The Girl Who Cried Blog

by Stephanie Yang



I've been meaning to start a blog since last year.

Last. Year

What inspired the idea? I was searching online for good examples of what others had delivered in a maid of honor speech after two of the most important women in my life - my twin sister and best friend - anointed the title to me. Their respective weddings were three weeks apart. I made a mental note to curse them out later.

What I found disturbed me. Online search results surfaced videos of mascara-streaked women with upspeak or younger bubbly sisters singing off-key to the popular love song of the moment. I knew that wasn't the approach I wanted to go with. My twin sister and best friend make up such an indelible part of my soul, they deserved more. I wanted to pen them a life-long love letter. 

Yarn ribbons, red rompers over white turtlenecks and shoes that Pinocchio might have worn, style came to Selena and I even at an early age. Don't hate the playerz, hate the game. (I am the one on the right, not sulking because I got to sit on the stool.)

My speech to my twin sister was exceptionally trying. I needed to capture over 35 years worth of memories in 3 minutes. I've always embraced public speaking as an exciting fear that I enjoyed stepping into. But displaying vulnerability (and very possibly tears) in front of a captive audience didn't sound as neat.

Despite it so cliche, it remains true. When you love someone, speak bravely from the heart. Don't defer any more time in letting them know how much they've moved you. After a couple of plastic attempts at humorous drafts, I surrendered to the idea of losing control and getting emotional. If I became a wet mess in front of my sister and the audience, well, stranger things have happened.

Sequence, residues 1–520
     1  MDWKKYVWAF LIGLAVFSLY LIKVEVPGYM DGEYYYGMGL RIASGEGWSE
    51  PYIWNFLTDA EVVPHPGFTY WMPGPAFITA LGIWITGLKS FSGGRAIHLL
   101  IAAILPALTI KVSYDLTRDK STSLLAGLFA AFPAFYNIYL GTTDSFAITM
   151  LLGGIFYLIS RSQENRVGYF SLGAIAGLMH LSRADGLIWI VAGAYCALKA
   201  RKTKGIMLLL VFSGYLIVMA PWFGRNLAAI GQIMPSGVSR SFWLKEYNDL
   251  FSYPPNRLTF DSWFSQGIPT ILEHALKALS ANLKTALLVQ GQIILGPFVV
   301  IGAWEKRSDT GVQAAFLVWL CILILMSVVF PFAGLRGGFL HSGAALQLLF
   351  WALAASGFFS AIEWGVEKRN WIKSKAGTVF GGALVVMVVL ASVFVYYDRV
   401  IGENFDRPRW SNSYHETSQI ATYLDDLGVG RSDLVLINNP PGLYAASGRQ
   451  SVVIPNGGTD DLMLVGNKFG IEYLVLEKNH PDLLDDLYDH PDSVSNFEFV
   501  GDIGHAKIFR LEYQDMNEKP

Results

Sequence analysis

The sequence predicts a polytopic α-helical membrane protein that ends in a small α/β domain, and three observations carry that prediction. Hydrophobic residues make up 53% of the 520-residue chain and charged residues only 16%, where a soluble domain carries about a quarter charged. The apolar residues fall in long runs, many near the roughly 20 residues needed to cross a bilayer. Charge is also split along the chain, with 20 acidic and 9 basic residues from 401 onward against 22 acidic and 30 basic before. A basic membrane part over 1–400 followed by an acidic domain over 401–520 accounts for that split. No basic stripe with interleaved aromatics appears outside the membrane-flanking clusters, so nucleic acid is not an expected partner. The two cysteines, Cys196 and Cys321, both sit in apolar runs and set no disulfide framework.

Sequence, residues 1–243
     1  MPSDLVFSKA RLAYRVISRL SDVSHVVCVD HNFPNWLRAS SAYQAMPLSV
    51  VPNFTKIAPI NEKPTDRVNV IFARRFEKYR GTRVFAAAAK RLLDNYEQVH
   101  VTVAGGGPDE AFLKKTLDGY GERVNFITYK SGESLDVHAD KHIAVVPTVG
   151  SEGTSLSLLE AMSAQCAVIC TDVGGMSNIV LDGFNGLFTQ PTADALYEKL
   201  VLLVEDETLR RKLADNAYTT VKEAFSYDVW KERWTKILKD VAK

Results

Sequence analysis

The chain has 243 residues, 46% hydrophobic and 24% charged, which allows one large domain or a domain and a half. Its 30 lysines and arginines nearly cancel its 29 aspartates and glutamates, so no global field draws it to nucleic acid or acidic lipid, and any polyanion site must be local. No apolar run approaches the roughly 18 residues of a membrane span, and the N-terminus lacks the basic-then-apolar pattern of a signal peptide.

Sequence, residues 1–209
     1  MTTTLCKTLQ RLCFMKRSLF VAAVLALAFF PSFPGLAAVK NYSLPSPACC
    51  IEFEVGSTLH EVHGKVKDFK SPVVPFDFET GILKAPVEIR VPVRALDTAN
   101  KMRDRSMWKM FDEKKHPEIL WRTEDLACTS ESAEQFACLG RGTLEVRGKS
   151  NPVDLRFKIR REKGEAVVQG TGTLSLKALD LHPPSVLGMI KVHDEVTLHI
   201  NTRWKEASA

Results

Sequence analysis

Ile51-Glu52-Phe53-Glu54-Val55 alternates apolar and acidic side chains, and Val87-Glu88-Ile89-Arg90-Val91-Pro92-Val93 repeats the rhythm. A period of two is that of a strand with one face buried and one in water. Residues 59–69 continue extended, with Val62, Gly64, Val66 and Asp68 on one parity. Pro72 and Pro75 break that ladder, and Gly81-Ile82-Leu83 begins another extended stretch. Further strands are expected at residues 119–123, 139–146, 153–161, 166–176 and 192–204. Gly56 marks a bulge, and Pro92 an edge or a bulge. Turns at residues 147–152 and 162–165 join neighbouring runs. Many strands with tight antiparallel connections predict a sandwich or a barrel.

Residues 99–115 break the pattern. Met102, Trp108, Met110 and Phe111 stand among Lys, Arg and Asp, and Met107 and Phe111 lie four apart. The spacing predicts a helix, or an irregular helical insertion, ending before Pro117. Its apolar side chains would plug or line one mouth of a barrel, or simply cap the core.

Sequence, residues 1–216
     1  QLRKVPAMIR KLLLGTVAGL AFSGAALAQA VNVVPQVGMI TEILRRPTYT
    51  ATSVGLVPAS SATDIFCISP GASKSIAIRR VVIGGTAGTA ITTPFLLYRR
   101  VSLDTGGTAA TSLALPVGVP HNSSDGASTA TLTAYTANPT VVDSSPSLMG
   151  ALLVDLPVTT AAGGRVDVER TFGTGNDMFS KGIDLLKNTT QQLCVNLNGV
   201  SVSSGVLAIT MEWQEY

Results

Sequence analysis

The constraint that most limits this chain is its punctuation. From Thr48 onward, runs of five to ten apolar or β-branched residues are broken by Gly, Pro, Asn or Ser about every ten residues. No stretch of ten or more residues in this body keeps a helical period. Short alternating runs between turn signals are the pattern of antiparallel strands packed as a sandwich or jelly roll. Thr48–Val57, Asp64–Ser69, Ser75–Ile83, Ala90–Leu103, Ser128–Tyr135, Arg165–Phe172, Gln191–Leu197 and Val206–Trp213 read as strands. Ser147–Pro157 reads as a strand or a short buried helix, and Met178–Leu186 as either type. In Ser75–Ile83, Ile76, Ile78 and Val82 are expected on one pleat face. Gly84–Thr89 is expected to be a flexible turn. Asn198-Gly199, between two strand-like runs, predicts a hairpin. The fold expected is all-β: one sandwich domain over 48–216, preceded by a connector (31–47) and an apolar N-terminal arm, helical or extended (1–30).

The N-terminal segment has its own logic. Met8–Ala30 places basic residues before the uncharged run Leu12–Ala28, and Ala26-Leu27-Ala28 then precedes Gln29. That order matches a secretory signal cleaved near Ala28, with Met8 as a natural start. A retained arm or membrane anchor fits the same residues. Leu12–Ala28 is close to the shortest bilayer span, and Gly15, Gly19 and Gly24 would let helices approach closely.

The budding inspiration behind starting this blog was to share life's moments seen through the lens of Cali-cool sensibilities. So, just in time before wedding season erupts to critical mass, here are my tips to keep in mind if you're oratorically prepping for a VIP bride in your life.



  • Write several rough draft speech versions. Be messy at first. Just jot down the main points you want to convey. Give yourself enough runway time for re-writes.
  • Edit, edit, edit. As you do with your closet, the same with your words. As my sister's wedding planner told me, if a speech runs too long, people's eyes begin to glass over. And be sure to rehearse your near-final version with a few trusted friends for honest feedback. 
  • Everybody loves a good story. Add a personal moment about you and the bride and tell it well. Make eye contact as you storytell. People will have an inclination to stop eating and lean in to listen. 
  • Go notes-free. You're giving a speech because presumably you're close to this person. You probably know this person better than anyone else in the room, so what's with the notes? Besides, nobody wants to see you read from paper that's been folded several times over.


  • Don't procrastinate writing that draft! (See point above.) 
  • If you're not comfortable with a direction that doesn't feel authentic to who you are, bag it. The number one secret in delivering a winning speech is to speak from the heart.
  • Don't let the day of the wedding be the first time you're hearing yourself give the speech. Rehearse, rehearse, rehearse. Familiarity breeds confidence. 
  • Don't panic if a sudden bout of anxiety hits you before you speak. You're nervous because you care and want to do a good job. A swig of alcohol beforehand is a bit of a miracle worker too.
  • If you must have your lucky feather and insist on notes, please don't read them from your iPhone. 

Video shot and edited by the crazy great storyteller Dave Nguyen and his team behind Lightbulb Videography.